Jeff Griffiths launched HandsOn Northeast Ohio to be a support mechanism for nonprofit organizations that struggle to assemble the resources they need to do their valuable work.
“Most social services rely upon people power to execute their mission,” says Griffiths, co-founder and executive director at HandsOn.
“But they often don’t have that infrastructure to make it easy for people who want to help. There are people out there who are aware of the needs and they want to do something to better the place they live. During the course of my career journey, I realized I could play a role in unlocking that power that everyone has to do good, regardless of age or who you are or where you live.”
Griffiths has logged more than 230,000 miles in his 2012 Honda Fit driving around his territory of Cuyahoga, Lake and Lorain counties.
“Our work centers around making it easy for people of all ages to volunteer on projects that are coordinated and managed by us,” Griffiths says.
“We support each project and coordinate the logistics and then we’re on the ground managing it with a volunteer we train. By doing that, that organization can take the time and money they would otherwise spend managing those volunteers and apply it toward their mission. Adopting more dogs, getting more services for seniors, providing more wraparound services for kids.”
Each year, HandsOn manages about 5,500 volunteers at more than 700 projects across the region.
“At some point this year, we’ll have managed our 40,000th person at a project,” Griffiths says. “I feel the weight and responsibility of those volunteers, leaders and board members, as well as the donors and supporters who have invested in us. They rely upon our volunteer management to fulfill their work. So of course, like everyone, days get stressful.”
When that happens, he takes some time to hang out with his three kids and his wife, Tina.
“Any time I need to breathe or unplug, I do so with them,” he says. “But then I get right back to it.”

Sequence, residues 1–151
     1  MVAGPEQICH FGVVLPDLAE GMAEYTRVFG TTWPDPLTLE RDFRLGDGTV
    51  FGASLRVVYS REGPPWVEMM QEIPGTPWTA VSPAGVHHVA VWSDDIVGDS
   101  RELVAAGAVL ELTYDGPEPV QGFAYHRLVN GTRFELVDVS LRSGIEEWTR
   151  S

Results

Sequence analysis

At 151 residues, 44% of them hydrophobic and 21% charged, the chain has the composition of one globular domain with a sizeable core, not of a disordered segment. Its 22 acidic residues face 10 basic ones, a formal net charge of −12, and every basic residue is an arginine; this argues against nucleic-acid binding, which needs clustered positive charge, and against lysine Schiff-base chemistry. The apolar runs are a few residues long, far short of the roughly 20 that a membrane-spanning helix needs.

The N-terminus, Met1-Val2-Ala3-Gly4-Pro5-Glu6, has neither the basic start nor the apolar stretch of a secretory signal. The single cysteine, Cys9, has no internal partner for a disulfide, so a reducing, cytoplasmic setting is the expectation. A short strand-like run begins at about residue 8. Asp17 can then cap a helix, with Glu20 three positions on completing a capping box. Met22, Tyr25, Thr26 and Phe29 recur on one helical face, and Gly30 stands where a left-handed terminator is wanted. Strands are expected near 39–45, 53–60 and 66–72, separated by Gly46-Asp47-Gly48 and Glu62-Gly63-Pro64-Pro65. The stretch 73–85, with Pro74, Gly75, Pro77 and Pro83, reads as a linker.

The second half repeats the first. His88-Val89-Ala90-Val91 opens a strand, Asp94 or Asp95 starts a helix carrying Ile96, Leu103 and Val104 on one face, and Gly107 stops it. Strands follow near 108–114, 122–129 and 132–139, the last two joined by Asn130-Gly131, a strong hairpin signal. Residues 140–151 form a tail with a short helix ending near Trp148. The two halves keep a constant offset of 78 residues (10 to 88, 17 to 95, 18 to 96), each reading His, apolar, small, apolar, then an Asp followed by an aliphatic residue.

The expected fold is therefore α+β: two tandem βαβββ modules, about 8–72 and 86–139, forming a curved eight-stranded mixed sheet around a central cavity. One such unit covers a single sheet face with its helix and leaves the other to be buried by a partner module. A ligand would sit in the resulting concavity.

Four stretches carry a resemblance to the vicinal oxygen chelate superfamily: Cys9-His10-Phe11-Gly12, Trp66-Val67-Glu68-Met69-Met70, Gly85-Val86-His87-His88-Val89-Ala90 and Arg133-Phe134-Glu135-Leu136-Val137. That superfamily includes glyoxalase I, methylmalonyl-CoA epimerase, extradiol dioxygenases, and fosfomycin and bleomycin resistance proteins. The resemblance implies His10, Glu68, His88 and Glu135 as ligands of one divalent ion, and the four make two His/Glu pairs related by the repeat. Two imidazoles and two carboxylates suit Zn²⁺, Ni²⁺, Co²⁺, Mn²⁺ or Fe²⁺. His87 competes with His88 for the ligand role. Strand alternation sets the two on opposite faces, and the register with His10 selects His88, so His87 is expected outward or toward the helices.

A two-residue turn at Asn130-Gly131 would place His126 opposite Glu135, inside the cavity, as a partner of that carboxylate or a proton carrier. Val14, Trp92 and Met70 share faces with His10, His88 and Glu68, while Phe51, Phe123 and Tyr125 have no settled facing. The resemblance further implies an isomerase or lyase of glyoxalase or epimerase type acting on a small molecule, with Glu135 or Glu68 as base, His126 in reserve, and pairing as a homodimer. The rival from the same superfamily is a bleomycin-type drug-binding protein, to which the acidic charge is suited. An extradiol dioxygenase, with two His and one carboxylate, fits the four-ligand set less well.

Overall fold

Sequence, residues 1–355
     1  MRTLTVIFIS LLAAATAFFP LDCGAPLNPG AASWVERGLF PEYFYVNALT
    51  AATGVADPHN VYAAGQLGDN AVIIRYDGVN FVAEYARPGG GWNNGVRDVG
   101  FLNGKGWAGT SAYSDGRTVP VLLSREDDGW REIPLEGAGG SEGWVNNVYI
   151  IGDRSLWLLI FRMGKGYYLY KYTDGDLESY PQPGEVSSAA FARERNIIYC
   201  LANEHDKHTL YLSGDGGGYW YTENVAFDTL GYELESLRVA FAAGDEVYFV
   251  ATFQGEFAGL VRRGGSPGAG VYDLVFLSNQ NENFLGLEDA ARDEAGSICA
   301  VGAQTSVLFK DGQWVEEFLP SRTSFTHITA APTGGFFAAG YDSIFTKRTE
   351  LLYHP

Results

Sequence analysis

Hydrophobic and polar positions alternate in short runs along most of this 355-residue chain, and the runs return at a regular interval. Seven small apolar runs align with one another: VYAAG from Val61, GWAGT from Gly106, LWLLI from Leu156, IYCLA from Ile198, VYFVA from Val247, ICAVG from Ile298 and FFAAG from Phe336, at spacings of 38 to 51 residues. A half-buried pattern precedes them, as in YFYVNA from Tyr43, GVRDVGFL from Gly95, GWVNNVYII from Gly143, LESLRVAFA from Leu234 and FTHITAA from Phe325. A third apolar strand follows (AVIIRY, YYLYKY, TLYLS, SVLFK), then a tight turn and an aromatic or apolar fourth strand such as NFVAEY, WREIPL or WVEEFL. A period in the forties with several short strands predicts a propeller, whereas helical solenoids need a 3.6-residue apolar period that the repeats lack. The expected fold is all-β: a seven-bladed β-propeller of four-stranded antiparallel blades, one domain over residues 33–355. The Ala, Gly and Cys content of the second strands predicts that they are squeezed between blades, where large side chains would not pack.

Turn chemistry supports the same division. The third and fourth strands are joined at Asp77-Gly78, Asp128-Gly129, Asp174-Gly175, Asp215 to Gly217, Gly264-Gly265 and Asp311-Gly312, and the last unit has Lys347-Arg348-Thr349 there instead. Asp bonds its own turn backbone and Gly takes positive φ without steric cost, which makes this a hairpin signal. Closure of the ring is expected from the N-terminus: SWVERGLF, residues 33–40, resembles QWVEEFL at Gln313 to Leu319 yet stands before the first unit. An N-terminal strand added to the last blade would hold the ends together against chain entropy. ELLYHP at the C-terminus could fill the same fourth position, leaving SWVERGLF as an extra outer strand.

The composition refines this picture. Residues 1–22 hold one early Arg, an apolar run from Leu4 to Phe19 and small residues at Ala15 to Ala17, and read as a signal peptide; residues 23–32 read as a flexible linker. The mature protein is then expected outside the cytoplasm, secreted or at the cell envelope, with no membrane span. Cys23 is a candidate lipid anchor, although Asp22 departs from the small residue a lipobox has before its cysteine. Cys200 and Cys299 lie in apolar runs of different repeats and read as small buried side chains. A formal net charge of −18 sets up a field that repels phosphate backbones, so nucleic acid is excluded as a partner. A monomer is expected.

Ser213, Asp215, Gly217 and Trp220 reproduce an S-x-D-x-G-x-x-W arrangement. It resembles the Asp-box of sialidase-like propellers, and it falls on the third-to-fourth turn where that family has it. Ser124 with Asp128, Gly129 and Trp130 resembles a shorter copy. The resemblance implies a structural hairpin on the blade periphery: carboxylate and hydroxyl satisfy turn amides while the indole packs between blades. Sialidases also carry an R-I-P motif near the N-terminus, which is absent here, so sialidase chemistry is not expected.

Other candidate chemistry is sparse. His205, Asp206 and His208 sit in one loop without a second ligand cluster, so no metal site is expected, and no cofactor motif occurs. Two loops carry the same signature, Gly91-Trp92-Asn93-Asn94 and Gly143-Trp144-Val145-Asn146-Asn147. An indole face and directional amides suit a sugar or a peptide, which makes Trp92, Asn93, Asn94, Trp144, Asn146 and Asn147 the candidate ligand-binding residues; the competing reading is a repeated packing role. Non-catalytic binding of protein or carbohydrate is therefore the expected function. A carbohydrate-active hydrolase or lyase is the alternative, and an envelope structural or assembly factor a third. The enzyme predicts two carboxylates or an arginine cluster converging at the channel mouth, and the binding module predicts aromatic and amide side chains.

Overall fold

Time to do more
A graduate of Miami University, Griffiths spent a short time in Chicago where he worked with a nonprofit volunteer organization that has a similar mission to that of HandsOn.
“I came back to Northeast Ohio and worked at another volunteer organization that was strictly doing volunteer referrals, passing out phone numbers and names,” he says.
“It’s important, but we found over the course of time working there that it wasn’t enough. Organizations rely on volunteers, people power, to help fulfill their mission. Often they don’t have the capacity within that volunteer management function to find, place, recruit, recognize and retain volunteers.”
Griffiths wanted to be more hands on, hence the name of his organization. He put together a founding board of directors, and with a young son, a second child on the way and a very patient wife, he got to work. The process begins with a needs assessment and site visit where Griffiths gathers information about what a potential partner is trying to achieve.
“We go in and test a project before it goes on our calendars,” he says. “We’ll vet it out and make sure we’ve got the right number of people, the right age minimum and the right tools and supplies. We have a written partnership agreement with every agency we work with whether it’s a one-time event or an ongoing partnership. It spells out expectations between each party.”
The next step is to train a volunteer leader who will take charge of the project.
“Volunteer leaders get an additional 2 ½ hours of training on volunteer management basics,” Griffiths says. “They shadow existing leaders or staff before they manage a project for the first time. Then we put together a tip sheet that spells out the execution of that project, the supplies, the directions, the parking — all the logistics from start to finish. We constantly evaluate it from the volunteer side, the volunteer leader side and the agency side. We think about it like any intensive relationship you have in your life.”
Empathetic, not sympathetic
Griffiths has made an effort to diversify his funding sources as a hedge against the ups and downs of the economy.
“We’ve seen independent volunteer centers like ours across the country that rely upon one source too much,” he says. “If that source is hurt by the economy or whatever factors — grants that go away, a more competitive marketplace, individual gifts going down — it jeopardizes the execution of the mission. We try to balance where funds come from.”
One of the biggest events of the year for HandsOn is the Homeless Stand Down, which takes place each January. It’s a one-day event that provides homeless individuals, families and veterans with a chance to escape the cold of winter and get a medical screening, have a hot meal, meet with a social service provider and even get a haircut.
“We take the responsibility of managing volunteers in a way that is empathetic and not sympathetic, that is thoughtful and respectful of the place and the people and provides the highest value possible,” Griffiths says. ●
How to reach: HandsOn Northeast Ohio, (216) 432-9390 or www.handsonneo.org